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Spliting a Vector

  1. Mar 24, 2004 #1
    The question is about the decomposition of any divergenceless vector field, B, in Poloidal and Toroidal parts. It says in one paper that I've been reading
    "Since B is solenoidal, it can be split into toroidal and poloidal parts, BT and Bp: B=curl(Tr)+curlcurl(Pr)"

    I cannot find the way of proving that the scalar potencial P must really exist, I mean, I cannot prove that if we have a vector field divergenceless like B we have to have a decomposition like that.


    This were my steps
    .div (B)=0 therefore B=curl(A)

    .A is the vector potencial and can be decomposed in 2 parts, one parallel to r and other perpendicular to r,i.e., A=Tr+Qxr

    .Then B comes like B=curl(Tr)+curl(Qxr)
    .Now, if Q were irrotacional then Q=grad P and the thing was done(B=curl(Tr)+curlcurl(Pr))

    But how can I prove Q is really Q=gradP???


    I've sent an email to the author and she said that Q is not required to be Q=gradP but isntead it should have the more general form
    Q=gradP +Sr
    Ok, it works fine and I get the final result as I want.
    But again, can I really write Q like Q=gradP +Sr?? It doesnt seem obvious for me...

    If you could give me a hand on this I would apreciate a lot.
     
  2. jcsd
  3. Mar 24, 2004 #2

    matt grime

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    Do you want to know why this is true? I mean the serious reason behind the why? Learn about de Rham cohomology then, the de Rham complex is exact, and that tells you when things lie in the image of grad, say. You might want to explain what all the symbols mean as well: what is Sr, for instance?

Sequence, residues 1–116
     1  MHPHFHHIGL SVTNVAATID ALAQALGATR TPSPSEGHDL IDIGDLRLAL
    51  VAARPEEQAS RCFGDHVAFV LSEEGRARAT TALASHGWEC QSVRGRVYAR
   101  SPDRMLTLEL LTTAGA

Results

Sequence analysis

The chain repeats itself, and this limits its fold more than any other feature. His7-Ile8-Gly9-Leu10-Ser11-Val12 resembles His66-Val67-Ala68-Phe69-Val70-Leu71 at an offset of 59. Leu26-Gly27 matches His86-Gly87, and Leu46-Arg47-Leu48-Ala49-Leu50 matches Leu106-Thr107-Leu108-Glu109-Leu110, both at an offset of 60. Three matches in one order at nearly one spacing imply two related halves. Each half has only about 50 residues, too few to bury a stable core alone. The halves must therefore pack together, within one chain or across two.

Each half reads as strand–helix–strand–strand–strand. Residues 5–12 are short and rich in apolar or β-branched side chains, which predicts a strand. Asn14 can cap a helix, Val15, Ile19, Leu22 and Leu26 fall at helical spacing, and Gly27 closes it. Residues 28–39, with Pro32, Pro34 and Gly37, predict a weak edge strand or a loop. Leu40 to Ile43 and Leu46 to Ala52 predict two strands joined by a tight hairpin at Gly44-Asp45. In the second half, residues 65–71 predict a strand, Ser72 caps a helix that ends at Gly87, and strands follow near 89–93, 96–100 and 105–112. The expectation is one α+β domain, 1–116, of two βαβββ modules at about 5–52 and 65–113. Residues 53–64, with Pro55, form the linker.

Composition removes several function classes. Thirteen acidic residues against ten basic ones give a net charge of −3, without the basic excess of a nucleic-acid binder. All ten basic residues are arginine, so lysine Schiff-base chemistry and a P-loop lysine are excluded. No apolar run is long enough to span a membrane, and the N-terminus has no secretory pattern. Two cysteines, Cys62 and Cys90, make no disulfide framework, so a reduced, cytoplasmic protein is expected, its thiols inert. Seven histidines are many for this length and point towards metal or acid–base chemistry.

4. Mar 24, 2004 #3
    Sorry not making it clear since the beginning;

    T,S,P are scalar functions

    B,A,Q are vector functions

    r stands for radial vector




    Rham cohomology ??? I never heard about it... I dont think it would required such a complex thing, anyway...
     
  5. Mar 24, 2004 #4

    matt grime

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    de Rham cohomology explains these phenomena, there may be an elementary reason, but remember what you're doing requires you to be in R^3.

    Perhaps recall the case of integration - it is only defined up to addition of a constant - that is something that differentiation kills off.
     
  6. Mar 24, 2004 #5
    But so, what do you think about it?

    What's the reason to have that kind ov vector decomposition?!
     
  7. Mar 24, 2004 #6
    What is de Rham cohomology?..where we can get the information regarding the same.please let me know
     
  8. Mar 25, 2004 #7

    matt grime

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    Bott and Tu's book, the name escapes me, is supposed to be good.

    It is related to differential forms and there might be something in the differential geometry forum.
     
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